(not) knowing the answer

six sijos by james r. murphy for six unaccompanied voices in just intonation (2009-2015)

Choral Score

by Frank J. Oteri



Perusal Score


(breathe) from (not) knowing the answer
music by frank j. oteri
sijos by james r. murphy
Recording from the world premiere performance
The Crypt at the Church of Intercession, New York, NY


c. 13 min


The Crypt at the Church of the Intercession, New York, NY


soprano, mezzo, contralto (counter tenor), tenor, baritone, bass



Program Notes

The first time I ever wrote music to someone else’s poetry was when I embarked on setting 14 sonnets that were recently written by my then high school math teacher, james r. murphy, as the song cycle the nurturing river for wide ranged voice and piano. Around the same time murphy was writing all these sonnets, he also wrote a bunch of sijos, another centuries-old poetical form. The sijo, which originated in Korea at roughly the same time that the sonnet originated in Italy, consists of three stanzas containing a total of six lines, each with a strict syllabic count. Like the 14 sonnets I set in the nurturing river, Murphy’s sijos seemed to beg for an equally meticulous formally abstract musical rendering. Since voices can theoretically sing any interval, writing for a vocal ensemble seemed the ideal vehicle for an exploration of an eight-note scale derived from the eighth through fifteenth overtones and murphy’s mysterious sijos seemed the perfect texts for this sound world. I asked Murphy to send me every sijo he had ever written. I ultimately chose six, creating a 6×6 scheme that matches the 14×14 scheme of the nurturing river. The resultant piece, (not) knowing the answer, is a journey into a strange new harmonic landscape though one that is implied in nature. The vocal ensemble Ekmeles (Charlotte Mundy, soprano; Elisa Sutherland, mezzo-soprano; Amber Evans, contralto; Steven Bradshaw, tenor; and Jeffrey Gavett, baritone and artistic director) gave the world premiere performance of (not) knowing the answer in The Crypt at the Church of the Intercession in Northern Manhattan, New York City, on October 28, 2022.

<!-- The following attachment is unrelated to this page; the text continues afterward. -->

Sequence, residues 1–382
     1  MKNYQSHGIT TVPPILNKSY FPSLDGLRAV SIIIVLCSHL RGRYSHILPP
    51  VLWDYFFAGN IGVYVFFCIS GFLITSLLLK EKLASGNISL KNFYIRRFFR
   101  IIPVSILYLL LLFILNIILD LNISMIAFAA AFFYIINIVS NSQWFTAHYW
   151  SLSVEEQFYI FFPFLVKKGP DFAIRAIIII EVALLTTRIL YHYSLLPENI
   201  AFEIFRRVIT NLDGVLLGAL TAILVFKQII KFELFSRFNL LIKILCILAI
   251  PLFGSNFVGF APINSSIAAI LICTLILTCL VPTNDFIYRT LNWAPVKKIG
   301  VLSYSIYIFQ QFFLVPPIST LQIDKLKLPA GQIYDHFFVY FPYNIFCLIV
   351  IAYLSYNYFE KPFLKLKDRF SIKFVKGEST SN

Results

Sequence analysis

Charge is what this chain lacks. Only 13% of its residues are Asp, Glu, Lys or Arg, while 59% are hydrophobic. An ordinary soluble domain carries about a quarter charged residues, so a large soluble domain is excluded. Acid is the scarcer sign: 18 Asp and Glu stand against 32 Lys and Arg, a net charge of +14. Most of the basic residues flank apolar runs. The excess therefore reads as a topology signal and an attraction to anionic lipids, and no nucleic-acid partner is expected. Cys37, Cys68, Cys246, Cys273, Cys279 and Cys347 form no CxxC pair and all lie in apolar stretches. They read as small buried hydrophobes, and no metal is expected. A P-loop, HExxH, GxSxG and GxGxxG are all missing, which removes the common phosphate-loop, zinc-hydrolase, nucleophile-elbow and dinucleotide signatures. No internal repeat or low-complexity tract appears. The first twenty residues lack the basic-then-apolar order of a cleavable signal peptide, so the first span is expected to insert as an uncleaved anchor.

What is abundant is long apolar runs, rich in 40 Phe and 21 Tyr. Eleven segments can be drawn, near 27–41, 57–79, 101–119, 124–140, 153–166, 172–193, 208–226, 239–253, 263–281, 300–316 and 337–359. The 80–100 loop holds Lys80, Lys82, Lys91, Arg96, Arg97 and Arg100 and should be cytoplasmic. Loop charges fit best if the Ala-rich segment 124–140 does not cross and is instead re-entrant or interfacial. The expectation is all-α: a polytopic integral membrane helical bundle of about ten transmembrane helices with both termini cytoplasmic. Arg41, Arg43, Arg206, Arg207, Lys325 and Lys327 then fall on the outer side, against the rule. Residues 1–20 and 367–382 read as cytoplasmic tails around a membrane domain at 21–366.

–Frank J. Oteri